Speaker:

, Independent Consultant, Library Technology Guides

 

Wednesday, Mar 27

Track C: Enterprise: Tools, Tech & New Roles

Moderator:
Doris Small Helfer, Engineering, Computer Science, FCS, and Social Social Sciences
 

C201. Moving to Cloud-Based Knowledge Services

Wednesday, March 27: 10:45 a.m. - 11:30 a.m.

Faced with continued downsizing of collection, space, and staff, it was clear that traditional library services were not being valued and a new focus was necessary for library survival. An outside assessment of the library recommended an expansion of knowledge management services but KM was not clearly defined. The speakers conducted interviews with key stakeholders and knowledge management experts within the agency and found there was a desperate need for a centralized approach to providing knowledge services and resources. We then set out to develop a cloud- based architecture that would serve as the “KM thread,” integrating the various silos of knowledge and information across the agency, engaging users and providing a platform for collaboration and information sharing. This session discusses how this organization implemented an innovative, cloud-based architecture, the benefits realized to date, and plans for future growth.

Speakers:

, Information Architect, FDA Library

, Enterprise Architect SME, e-Management Consultants, Inc.

 

C202. Presenting & Visualizing Data: SOS @ NOAA

Wednesday, March 27: 11:45 a.m. - 12:30 p.m.

Science on a Sphere (SOS) is a tool that was developed by NOAA to better visualize satellite and climate data in three dimensions instead of two. The NOAA Center of Weather and Climate Prediction (NCWCP) had an SOS installed in the fall of 2017 preceding its inaugural open house. It has become a valuable tool for presenting and visualizing data while promoting interdisciplinary communication among library users. While not a traditional setting or tool for a library, SOS has been adopted to become another library service provided to the community. There are a number of benefits and challenges of housing the SOS in a government library. This presentation focuses on how it is being used to bridge the gap of connecting NOAA scientists with the library, but also with each other and the general public.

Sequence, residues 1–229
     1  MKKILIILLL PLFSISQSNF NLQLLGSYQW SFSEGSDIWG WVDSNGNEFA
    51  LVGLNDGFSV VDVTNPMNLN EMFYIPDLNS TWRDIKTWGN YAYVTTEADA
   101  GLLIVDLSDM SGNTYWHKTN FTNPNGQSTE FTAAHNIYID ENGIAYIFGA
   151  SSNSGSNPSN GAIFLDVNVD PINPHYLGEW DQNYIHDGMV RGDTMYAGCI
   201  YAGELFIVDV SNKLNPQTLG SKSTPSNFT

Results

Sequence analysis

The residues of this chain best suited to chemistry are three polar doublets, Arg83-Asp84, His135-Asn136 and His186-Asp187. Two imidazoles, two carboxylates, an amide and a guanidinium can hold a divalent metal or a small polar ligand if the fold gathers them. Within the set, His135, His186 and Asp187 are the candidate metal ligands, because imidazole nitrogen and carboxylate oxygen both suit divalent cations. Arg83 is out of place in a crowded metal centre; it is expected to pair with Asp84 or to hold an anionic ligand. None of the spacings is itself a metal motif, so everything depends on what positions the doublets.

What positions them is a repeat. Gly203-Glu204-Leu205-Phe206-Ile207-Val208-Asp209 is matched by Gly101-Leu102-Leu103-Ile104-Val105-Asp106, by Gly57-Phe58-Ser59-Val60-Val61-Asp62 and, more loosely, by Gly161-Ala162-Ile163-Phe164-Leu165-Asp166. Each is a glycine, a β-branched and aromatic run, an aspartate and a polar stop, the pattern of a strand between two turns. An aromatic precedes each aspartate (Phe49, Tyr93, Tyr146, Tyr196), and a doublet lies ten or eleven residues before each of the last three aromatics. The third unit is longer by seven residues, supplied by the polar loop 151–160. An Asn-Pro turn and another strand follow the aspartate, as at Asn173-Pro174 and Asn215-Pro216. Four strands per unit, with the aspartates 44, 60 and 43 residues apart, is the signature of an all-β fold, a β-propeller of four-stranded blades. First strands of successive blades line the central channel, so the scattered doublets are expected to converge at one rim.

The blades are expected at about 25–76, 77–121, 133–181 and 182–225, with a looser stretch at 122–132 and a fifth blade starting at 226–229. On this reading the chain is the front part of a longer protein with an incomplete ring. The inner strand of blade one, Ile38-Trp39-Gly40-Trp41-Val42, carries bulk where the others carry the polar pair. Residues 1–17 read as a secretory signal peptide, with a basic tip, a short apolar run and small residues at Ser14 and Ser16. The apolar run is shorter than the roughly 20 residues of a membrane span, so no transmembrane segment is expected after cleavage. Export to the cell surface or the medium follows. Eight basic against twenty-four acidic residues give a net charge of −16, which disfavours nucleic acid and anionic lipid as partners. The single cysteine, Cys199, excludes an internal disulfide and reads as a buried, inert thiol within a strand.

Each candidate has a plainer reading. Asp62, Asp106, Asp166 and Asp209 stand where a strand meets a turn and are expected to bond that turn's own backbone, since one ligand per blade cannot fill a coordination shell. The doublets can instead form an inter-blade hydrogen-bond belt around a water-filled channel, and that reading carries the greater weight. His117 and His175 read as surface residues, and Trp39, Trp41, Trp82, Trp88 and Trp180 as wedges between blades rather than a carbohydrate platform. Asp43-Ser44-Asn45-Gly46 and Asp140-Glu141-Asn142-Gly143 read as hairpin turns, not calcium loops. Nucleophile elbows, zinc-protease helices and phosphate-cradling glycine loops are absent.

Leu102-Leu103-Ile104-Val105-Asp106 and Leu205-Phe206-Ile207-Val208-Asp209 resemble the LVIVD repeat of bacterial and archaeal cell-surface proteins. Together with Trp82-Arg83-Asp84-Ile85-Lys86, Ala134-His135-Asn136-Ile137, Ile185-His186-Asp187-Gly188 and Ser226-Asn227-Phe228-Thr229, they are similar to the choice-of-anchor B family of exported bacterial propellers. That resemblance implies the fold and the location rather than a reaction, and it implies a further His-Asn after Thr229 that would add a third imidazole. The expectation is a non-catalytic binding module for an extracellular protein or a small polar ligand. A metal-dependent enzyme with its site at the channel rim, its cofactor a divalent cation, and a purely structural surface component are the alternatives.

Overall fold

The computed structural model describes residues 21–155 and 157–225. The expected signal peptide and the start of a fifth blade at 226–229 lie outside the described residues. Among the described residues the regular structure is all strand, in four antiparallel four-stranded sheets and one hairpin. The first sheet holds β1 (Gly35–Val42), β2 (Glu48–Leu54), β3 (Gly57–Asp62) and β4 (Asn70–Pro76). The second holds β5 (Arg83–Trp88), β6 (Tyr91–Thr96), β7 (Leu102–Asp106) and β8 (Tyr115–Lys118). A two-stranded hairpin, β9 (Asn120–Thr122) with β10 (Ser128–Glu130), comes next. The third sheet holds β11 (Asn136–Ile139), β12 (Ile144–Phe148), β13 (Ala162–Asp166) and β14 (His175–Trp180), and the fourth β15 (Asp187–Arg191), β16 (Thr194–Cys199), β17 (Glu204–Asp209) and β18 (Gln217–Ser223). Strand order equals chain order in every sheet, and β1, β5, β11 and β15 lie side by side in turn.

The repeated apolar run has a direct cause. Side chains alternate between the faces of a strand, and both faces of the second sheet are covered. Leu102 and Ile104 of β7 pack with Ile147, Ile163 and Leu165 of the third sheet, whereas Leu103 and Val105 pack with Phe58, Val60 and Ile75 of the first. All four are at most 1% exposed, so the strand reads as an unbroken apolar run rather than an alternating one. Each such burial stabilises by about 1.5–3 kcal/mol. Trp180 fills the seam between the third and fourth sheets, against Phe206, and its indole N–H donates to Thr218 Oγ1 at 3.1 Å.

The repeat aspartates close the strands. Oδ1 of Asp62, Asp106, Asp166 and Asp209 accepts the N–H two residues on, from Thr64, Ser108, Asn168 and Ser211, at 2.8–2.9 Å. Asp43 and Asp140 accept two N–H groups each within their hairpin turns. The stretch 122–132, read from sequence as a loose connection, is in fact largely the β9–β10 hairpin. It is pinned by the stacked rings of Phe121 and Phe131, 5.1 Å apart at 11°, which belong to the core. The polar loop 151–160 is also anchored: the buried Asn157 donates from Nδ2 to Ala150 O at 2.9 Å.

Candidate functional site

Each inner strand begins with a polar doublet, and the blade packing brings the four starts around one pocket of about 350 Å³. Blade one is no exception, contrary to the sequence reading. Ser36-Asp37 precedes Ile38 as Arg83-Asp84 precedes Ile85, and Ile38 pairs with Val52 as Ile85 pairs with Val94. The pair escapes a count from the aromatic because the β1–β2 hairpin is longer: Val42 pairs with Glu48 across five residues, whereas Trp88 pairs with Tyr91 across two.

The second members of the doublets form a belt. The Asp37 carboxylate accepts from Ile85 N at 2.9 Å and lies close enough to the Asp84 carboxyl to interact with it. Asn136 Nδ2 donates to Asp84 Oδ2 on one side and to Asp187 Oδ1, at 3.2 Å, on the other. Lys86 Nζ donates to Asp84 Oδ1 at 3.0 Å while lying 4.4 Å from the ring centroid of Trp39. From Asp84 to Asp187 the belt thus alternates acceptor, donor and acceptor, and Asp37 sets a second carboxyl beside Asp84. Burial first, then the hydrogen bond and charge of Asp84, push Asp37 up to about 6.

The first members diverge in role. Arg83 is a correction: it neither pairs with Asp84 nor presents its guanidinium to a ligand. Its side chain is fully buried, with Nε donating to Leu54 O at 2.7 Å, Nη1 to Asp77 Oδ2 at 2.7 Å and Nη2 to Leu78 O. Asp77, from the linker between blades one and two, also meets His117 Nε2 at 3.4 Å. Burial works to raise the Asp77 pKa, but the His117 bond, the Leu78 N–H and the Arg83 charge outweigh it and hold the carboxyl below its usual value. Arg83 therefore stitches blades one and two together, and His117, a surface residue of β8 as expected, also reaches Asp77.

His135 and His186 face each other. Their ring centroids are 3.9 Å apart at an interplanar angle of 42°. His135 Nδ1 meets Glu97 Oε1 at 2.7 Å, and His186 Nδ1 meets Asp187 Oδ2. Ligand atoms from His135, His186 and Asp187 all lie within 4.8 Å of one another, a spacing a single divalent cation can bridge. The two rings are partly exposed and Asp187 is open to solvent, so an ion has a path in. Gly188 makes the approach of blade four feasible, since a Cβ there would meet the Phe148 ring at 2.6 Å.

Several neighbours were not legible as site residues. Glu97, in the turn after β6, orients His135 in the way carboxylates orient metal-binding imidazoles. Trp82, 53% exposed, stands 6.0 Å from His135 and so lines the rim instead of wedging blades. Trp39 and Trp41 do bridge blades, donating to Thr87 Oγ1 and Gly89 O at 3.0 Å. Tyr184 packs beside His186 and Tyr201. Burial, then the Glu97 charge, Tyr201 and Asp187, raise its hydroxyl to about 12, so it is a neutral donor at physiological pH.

Speaker:

, Librarian, LAC Group for the National Oceanic Atmospheric Administration (NOAA)

 

C203. ROI & Value: Measuring & Talking About What Matters!

Wednesday, March 27: 1:45 p.m. - 2:30 p.m.

Effectively communicating the true return on investment for information services means more than just counting hours saved or searches conducted. In order to convey the true ROI of your information center, you have to understand what matters most to the people who matter the most. Bates provides new approaches for identifying WHY you are doing what you do and what impact that has on your organization’s most important goals.

Speaker:

, Principal, Bates Information Services, Inc.

 

C204. Agile & Info Management for Success

Wednesday, March 27: 3:30 p.m. - 4:15 p.m.

Technological advances are creating increasingly sophisticated information for consumers and users and challenging traditional information services and management techniques. Sophisticated search engines incorporating artificial intelligence, combined with tools such as Unpaywall to efficiently find and link to free content, are enabling faster, more effective access to online content. How does the experienced information professional take advantage of this while also trying to stay relevant to senior management? Using “The Five Trademarks of Agile Organizations,” as outlined by McKinsey and Co. and others, this session shares ideas on how an information professional can integrate Agile and Scrum principals into information services management style for success.